14 February 2014, Mumbai, India
“We had our wedding reception here,” Bappa mentioned as he and his driver picked me up in a bright red Audi from this hotel (ITC Maratha Mumbai).
As we drove past the airport, there was a huge billboard announcing the release of the Bollywood film “Gunday.”
“Dad has a super hit in this mega film by producer Aaditya Chopra,” Bappa explained.
The name of this Indian movie icon didn’t register, but should have since I represent Bappi Lahiri — India’s “Disco King!” So unfamiliar, yet somehow makes sense like this overwhelming country! … MDN
* * *
August 16, 2014, Los Angeles, California
“I am so happy to release my latest album ‘Bappi Lounge’ today,” Bappi Lahiri announced as I stood next to him at Yamashiro in the Hollywood Hills, known for its majestic views of Tinseltown and the urban sprawl of L.A.
It was the fifth album we have released together in less than four years since my label Planet LA Records has represented the prolific artist “Bappi-da” as he is affectionately known by millions of South Asian fans. The first release “World, Peace, Love and Harmony” on September 29, 2010 was almost a fluke as I knew practically nothing about Bollywood. My business partner and I were reluctant to take on such a daunting task, but we did it anyways.
“You are like my brother… I have so much music to share. Someday I will get nominated,” Bappi has insisted, while I assisted him with Grammy consideration for each new release. Every year since 2010, Bappi has returned to L.A. with his latest collection of contemporary and traditional songs, cross-over genres and unusual collaborations with American jazz greats, notorious rappers, Middle Eastern pop stars and Indian gospel singers, to name a few.
This time around, he came with his family including his son and producer Bappa Lahiri — who I met for the first time in February of this year in Mumbai, during a trip to India as part of my global studies with UCLA. Bappa cued up the tunes as his father performed two new songs “Mystery” and “East Meets West” from the electronica-infused album. The mellow lounge tunes held sway over the courtyard, keeping the conversation hushed.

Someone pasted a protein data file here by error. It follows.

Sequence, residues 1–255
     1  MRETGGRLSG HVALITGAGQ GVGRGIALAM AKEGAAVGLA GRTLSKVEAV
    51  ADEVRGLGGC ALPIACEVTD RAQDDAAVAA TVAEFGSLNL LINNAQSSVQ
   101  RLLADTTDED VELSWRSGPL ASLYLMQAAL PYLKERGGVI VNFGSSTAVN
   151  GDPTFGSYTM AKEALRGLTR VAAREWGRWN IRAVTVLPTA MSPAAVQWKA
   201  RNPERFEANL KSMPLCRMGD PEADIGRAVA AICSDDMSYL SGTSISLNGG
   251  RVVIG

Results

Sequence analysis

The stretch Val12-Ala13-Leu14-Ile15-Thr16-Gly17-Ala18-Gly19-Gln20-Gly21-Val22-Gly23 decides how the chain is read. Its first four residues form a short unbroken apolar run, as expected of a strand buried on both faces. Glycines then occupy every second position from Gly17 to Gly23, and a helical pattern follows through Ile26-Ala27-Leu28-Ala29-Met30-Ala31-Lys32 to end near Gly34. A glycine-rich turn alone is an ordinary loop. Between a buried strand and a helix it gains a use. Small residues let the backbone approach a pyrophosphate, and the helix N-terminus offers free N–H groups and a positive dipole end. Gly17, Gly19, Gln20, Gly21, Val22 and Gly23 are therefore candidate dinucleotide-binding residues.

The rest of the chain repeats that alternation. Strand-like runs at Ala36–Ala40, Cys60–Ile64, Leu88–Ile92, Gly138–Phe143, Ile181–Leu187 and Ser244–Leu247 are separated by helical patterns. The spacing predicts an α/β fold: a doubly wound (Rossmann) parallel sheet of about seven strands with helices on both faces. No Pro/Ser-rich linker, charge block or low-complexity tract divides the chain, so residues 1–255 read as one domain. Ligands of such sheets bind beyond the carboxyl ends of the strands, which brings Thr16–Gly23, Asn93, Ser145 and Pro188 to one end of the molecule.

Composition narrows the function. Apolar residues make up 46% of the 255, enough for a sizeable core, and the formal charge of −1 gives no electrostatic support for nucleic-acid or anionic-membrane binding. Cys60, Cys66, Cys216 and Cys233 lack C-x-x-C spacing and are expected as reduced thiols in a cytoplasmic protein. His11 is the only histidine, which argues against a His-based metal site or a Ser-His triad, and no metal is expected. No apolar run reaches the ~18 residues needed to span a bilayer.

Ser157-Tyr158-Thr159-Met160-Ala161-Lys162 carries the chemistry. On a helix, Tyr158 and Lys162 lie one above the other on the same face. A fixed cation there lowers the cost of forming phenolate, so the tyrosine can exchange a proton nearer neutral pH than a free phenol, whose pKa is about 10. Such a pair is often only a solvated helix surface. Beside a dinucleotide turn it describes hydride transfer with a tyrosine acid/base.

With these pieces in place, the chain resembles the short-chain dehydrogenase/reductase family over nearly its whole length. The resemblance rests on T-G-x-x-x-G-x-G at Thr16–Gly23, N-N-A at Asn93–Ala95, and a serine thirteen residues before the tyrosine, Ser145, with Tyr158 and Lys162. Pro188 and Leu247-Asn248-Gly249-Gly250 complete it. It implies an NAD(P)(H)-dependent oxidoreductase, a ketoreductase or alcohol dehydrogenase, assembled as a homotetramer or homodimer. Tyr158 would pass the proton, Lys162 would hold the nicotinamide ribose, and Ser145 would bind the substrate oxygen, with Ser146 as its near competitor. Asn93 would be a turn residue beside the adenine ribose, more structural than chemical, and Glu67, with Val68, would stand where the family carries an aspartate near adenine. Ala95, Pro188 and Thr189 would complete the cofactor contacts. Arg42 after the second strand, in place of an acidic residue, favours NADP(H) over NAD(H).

“Now, I am going to sing my super hits,” he told the crowd, which was an eclectic mix of Grammy staff, a former member of The Supremes, Bollywood fans and my classmates and alumni from the UCLA Anderson-NUS global executive MBA (“GEMBAs”) who were celebrating the 10th anniversary of the Asia-Pacific program.
“Oh La La… Oh La La!” Bappi belted out. The song’s fast tempo and catchy chorus quickly changed and uplifted the mood. The song was a huge single off the popular Bollywood film “The Dirty Picture” — which led to Bappi’s resurgence in recent years. His duet partner on the song, Shreya Ghoshal has over 21 million Facebook fans (more than Madonna’s 19 million likes)… India’s “Disco King” was back!
As Bappi sang to the dance track, I pulled the audience towards the stage, starting with my Indian classmates, then the rest of the global contingent joined the party. I knew well from working with creative talent that many of them feed off the energy from the crowd. Many artists are brilliant because they are egocentric.
Bappi began to sing with vigor as the crowd danced around him. He kept going beyond his scheduled set with encore numbers including his 80s megahit “Jimmy Jimmy” which has since been covered by M.I.A. (a female rapper of Sri Lankan origin who sang with Madonna during half-time at the 2012 Superbowl, and caused a mini scandal with her middle finger).
“Thank you, thank you,” Bappi repeated as he placed his hands together in a namaste-style prayer, signifying the end of his performance.
As my classmates and industry colleagues surrounded Bappi for a group photo in front of the UCLA-NUS step-and-repeat banner… I felt deep inside that somehow, my seemingly impracticable foray in the music industry in recent years — followed by an academic restart in B-school since last year, was beginning to make sense.
This evening involved many moving parts and dots to connect, marked by years of trial and error.
For the most part, I believe it was a memorable experience for every star and guest that danced and smiled that night — which made it worth the overwhelming effort expended since I began on this passionate journey… five Bollywood albums and counting!
* * *